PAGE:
Guide to Defender Handbrake Shoe RenewalNov 4th, 2010 | By Pod51 |Category: Defender How To Guides
Most of us take our car brakes for granted. We use our brakes as much as any other piece of safety equipment in our car, and when something goes wrong with our brakes, most of us are dead in the water. Not literally dead in a body of water, but this is in the realm of possibility if your car can’t stop when driving near a lake.
First off, when your brakes become worn out, they generally will give you plenty of warning signs and indicators long before they simply go out and leave you with no stopping power. Heed these warning signs and keep yourself and everyone else on the road with you safe by getting some brake repair as soon as possible if you notice something wrong.
Warning sign number one is when your car brakes grab when applied. Grabbing is a warning sign that your rotors have been either improperly scored or your brake pads themselves are too thin. It is also possible that other fluids have gotten into your brake shoes or lining and is interfering with your car’s braking power. While there are multiple brake repair solutions to this problem, it is a fairly simple job that can be done by trained professionals in your local garage.
Another warning sign is a car that pulls to one side. If you have eliminated the other causes for a car to pull, such as low tire pressure or a misalignment, your next step is to have the brakes checked by someone who knows what they’re looking at.
An additional warning sign of bad brakes that need repair is slow stopping power. If your brakes are slow to respond and you can’t safely stop when you try, your brakes are showing definite signs of damage.
If your car squeals when you apply pressure to or release your foot from the brakes, you’ve got another warning sign. The noise has been compared to fingernails on a chalkboard – very loud and very annoying. This is the last real warning that your brakes will give you before your brakes are gone completely. By this point, your car brake pads are so thin – probably less than 2mm – that they are wearing against the metal rotors of the brake system.
If you are experiencing any of the above warning signs of bad brakes, you should really consider replacing either your brake pads or shoes depending on the age/type of your Landrover.
The Defender handbrakes are drum based (There are disc conversions available if you do a lot of wading) and are affixed to the propshaft rather than the actual wheel assembly. The Defender’s handbrake has much bad press, however this is more to do with incorrect adjustment and lack of maintenance than anything else.
Here’s how to replace/renew the brake shoes.
First You’ll need to jack up one wheel and stick an axle stand under the axle. Then chock the other wheels.
Then using a 9/16 spanner you’ll need to remove the nuts around the prop. Position the prop out of the way. (The reason you jacked up the wheel now becomes apparent because it lets you turn the prop to get at all the nuts.)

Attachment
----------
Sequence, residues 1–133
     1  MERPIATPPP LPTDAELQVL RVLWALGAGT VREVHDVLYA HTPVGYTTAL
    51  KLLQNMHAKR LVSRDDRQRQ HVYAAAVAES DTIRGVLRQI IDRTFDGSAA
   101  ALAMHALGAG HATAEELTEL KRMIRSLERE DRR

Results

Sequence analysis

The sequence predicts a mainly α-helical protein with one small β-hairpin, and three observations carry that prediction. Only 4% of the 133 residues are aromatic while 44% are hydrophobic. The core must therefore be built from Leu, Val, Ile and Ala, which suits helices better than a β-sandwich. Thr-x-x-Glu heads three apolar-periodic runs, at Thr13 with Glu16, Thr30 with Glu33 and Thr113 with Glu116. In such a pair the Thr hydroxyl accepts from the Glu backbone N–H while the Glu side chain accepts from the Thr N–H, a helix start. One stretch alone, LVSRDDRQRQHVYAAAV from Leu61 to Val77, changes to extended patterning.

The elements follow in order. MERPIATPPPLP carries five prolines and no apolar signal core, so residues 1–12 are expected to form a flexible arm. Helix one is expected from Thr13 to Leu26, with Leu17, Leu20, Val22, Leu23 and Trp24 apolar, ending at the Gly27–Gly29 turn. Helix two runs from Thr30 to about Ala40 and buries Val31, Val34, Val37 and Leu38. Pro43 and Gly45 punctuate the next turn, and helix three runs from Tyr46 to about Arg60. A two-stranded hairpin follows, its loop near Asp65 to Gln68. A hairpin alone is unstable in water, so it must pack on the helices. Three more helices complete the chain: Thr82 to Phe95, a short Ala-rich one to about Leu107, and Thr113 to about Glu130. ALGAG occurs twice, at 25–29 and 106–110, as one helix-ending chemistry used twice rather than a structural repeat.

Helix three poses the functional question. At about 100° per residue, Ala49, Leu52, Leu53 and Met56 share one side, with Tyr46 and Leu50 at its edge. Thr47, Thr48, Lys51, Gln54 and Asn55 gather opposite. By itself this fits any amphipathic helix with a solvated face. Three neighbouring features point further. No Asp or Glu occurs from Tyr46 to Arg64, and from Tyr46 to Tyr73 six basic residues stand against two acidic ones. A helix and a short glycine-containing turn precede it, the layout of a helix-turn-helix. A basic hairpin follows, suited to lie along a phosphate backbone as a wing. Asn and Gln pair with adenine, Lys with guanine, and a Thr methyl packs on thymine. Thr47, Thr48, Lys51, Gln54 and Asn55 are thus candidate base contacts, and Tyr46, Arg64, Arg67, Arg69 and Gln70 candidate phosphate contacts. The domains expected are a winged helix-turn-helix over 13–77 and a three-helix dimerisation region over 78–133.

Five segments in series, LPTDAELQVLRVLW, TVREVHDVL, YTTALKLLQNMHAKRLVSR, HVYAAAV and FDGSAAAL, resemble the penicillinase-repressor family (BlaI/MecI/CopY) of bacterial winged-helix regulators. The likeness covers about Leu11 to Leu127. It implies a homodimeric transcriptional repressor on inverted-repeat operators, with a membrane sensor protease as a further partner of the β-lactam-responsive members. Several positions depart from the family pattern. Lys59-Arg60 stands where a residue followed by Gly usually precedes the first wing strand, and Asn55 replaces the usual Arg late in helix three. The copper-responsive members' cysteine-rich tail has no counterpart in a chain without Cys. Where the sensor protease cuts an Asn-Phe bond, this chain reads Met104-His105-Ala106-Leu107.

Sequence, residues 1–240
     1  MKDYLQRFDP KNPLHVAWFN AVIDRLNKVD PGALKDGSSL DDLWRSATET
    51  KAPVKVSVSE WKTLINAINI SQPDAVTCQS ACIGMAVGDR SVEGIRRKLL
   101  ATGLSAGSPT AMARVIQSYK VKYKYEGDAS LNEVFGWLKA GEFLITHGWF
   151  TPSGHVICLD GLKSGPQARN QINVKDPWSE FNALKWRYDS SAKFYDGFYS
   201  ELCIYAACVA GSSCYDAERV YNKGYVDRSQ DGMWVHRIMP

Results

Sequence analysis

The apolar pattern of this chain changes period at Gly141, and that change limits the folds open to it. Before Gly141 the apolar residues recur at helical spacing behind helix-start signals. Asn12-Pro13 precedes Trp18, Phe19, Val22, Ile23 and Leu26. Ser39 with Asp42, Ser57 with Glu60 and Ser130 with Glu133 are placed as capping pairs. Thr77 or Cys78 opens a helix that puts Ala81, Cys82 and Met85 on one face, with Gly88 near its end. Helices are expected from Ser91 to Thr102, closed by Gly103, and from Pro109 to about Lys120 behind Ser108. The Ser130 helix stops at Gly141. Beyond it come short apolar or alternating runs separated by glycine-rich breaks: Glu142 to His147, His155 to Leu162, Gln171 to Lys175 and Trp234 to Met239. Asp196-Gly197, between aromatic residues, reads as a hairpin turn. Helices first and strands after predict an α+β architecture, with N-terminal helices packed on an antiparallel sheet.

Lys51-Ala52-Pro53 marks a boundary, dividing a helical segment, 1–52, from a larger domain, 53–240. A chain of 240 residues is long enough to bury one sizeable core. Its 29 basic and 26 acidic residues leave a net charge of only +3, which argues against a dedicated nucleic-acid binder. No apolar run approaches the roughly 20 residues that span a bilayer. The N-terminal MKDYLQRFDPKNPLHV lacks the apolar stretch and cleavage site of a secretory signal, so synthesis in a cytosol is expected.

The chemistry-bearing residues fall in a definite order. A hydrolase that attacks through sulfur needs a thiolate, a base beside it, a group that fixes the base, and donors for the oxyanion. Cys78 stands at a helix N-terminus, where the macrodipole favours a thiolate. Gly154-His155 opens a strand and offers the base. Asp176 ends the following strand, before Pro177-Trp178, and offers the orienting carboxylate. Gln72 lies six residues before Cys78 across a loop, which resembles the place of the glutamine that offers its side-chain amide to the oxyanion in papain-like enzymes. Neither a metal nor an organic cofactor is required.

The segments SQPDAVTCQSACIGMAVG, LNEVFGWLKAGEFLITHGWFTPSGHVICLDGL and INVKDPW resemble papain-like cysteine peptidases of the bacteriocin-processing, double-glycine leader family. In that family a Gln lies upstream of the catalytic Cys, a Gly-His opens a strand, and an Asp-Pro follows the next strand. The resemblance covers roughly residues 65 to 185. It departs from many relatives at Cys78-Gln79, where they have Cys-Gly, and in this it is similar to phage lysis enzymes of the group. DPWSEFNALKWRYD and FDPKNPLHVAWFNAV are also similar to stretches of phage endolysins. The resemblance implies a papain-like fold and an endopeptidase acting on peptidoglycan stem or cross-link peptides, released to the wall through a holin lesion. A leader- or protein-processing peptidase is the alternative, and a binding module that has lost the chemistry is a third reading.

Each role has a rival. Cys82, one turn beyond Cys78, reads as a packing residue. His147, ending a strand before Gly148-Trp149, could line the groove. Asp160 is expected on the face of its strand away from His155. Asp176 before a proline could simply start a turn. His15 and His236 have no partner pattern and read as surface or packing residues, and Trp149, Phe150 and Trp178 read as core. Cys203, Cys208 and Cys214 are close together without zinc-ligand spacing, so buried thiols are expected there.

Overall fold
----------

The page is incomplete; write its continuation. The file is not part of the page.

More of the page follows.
Next you’ll need to slacken the handbrake cable and then the adjuster on the back of the brake.
Then remove the two screws holding the drum on and remove the drum.
Once you’ve done this you will now see this.
Now make a note of which way the shoes are fitted.
Once you’ve made a note of the shoe position you can remove them.
At this point you can give the drum and back plate a clean however the two bottom pistons may fall out of the adjusters, don’t panic.
Next if your using the old springs from the old shoes you can fit them to the new ones (It’s worth getting new springs though as you have the brake assembly in pieces).
A good tip is to stick strongish lengths of wire (Coat hanger wire) in the springs to stop them falling out when picking them up and refitting, Makes handling them easier.
Here’s a quick photo of the label on the box for part no. reference.
Next it’s time to clean and grease the adjuster pistons and replace them back into the piston assembly (A good tip is to thread some fishing line or a cable tie around them to hold them in place). The pistons on the left adjuster have a slope, when sticking them back in make sure the highest part of the slope faces outward. The pistons on the other adjuster (right hand side) have a groove on the end that has a slope, make sure the highest part of the slope faces towards the back plate… and be careful don’t loose the roller that sits in the groove.
Then it’s just a case of sticking a small smear of grease on the ends of the shoes and fitting them.
Time to remove the fishing line/cable tie and replace the drum.
Use the 2 screws you removed to resecure the drum.
Tighten the handbrake cable a little and give the handbrake lever a good pull to centre the shoes. Now the drum should turn freely after the handbrake is released. Quickly adjust handbrake to suit.
Once the adjustments have been made its just a case of refitting the prop and bolting it back in place.
[review pros="Nice tight handbrake that you aren't afraid of using on hills" cons="Getting the adjustment right can take a few tries to get right" score=65]